Date of Award
Master of Arts
William Bristow, Blain Neufeld
I defend a realist, Aristotelian theory of moral normativity on which moral virtue is the natural conclusion of the successful exercise of practical reason. More specifically, I argue that the avoidance of regret is a constitutive feature of practical rationality, and that because we are social beings, moral virtue serves as a general strategy for the minimization of regrets, and especially of serious regrets. Because I draw on aspects of John McDowell's Aristotelian moral realism, I begin with an examination of his view, and a discussion of why he thinks that virtuous conclusions require the prior possession of virtuous dispositions. McDowell argues that statements of the form “we need moral virtue in view of x” can only sway the already-virtuous, since it is possible, through incorrect habituation, for us to come to value things that do not require virtue. I argue, however, that once we understand the avoidance of regret as a requirement of practical rationality, and sociability as an innate characteristic humans share, we can see that even the unvirtuous require moral virtue. While this does not mean good reasoning alone can make us virtuous—since seeing the world as the virtuous person does requires habituation—it does suggest that we all share the capacity to appreciate the necessity of such habituation.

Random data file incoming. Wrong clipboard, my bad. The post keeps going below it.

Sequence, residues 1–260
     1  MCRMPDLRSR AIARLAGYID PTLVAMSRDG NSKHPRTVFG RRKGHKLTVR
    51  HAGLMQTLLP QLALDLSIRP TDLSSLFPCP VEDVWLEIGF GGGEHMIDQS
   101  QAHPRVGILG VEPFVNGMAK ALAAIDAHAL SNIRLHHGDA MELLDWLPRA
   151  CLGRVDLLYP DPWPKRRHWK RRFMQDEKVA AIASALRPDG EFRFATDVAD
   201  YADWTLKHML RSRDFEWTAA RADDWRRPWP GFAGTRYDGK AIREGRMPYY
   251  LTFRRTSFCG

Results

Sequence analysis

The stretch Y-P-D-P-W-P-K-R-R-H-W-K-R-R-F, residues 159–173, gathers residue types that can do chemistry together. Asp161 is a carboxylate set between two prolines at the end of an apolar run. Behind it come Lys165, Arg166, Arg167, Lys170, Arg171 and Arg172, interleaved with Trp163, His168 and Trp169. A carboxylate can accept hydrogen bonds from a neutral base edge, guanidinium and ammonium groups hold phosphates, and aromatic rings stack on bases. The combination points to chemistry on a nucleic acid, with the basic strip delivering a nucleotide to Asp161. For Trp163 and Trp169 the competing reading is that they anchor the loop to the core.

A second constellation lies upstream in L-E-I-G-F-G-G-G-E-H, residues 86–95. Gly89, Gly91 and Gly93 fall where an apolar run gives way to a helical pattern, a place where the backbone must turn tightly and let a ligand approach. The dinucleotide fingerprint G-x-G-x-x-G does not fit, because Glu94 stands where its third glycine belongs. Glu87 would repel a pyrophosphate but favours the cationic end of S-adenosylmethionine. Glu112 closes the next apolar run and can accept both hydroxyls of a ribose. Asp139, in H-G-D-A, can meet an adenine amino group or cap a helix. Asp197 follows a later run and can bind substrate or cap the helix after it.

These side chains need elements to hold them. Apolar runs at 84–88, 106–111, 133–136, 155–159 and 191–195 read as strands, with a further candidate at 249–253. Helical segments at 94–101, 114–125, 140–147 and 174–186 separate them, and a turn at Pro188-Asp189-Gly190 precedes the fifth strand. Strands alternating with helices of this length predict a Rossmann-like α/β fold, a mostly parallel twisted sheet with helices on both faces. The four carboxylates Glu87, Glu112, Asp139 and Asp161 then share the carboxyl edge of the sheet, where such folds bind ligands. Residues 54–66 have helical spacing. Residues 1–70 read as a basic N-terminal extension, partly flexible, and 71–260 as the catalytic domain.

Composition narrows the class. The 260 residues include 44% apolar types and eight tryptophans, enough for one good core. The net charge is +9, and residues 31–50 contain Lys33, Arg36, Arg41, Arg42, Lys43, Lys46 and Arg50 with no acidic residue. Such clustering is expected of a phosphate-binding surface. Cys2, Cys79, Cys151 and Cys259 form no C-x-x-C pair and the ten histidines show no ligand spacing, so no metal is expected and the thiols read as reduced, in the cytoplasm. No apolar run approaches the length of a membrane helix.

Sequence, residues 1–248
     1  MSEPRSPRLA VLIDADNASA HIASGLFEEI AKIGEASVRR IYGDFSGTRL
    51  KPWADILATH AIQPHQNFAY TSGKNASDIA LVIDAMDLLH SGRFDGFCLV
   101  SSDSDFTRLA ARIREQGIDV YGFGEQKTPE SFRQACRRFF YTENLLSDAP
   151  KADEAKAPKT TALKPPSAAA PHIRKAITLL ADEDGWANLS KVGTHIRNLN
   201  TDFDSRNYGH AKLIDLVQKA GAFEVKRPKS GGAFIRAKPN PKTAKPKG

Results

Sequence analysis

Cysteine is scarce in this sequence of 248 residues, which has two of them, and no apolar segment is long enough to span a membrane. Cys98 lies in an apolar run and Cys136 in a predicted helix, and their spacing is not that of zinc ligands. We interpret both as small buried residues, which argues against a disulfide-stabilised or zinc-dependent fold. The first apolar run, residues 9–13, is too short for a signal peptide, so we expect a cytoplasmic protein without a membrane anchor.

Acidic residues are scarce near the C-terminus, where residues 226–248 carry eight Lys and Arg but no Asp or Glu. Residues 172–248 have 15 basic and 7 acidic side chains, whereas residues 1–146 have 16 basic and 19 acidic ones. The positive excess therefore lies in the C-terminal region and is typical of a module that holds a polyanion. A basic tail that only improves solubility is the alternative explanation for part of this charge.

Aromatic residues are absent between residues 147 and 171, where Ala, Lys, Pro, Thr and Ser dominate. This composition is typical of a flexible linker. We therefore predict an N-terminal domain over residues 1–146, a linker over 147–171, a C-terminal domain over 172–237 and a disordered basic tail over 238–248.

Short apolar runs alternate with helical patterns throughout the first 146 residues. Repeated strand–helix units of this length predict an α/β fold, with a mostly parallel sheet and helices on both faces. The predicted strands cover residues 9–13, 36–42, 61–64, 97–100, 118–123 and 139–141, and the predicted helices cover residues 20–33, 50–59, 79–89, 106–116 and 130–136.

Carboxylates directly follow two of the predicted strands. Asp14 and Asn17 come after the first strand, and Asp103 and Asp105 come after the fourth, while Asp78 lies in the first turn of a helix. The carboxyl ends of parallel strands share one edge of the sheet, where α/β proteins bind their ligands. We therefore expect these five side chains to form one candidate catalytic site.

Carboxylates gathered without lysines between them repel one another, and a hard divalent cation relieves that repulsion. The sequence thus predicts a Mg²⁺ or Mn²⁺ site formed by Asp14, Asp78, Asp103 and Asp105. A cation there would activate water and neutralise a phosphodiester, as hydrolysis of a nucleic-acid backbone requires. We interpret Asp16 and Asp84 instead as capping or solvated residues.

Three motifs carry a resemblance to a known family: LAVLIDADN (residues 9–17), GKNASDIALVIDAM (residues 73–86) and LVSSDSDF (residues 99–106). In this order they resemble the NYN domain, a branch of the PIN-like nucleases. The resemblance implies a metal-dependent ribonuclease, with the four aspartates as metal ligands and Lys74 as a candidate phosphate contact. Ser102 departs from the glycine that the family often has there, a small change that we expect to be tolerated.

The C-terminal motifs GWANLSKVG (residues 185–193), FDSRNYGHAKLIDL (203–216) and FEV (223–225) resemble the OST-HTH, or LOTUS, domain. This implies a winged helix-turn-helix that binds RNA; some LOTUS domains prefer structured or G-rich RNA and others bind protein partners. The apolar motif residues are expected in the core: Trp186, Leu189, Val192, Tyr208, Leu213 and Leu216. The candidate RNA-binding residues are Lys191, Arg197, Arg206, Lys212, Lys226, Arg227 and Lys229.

Ladendorf, Thomas, "Reason and Regret" (2020). Theses and Dissertations. 3292.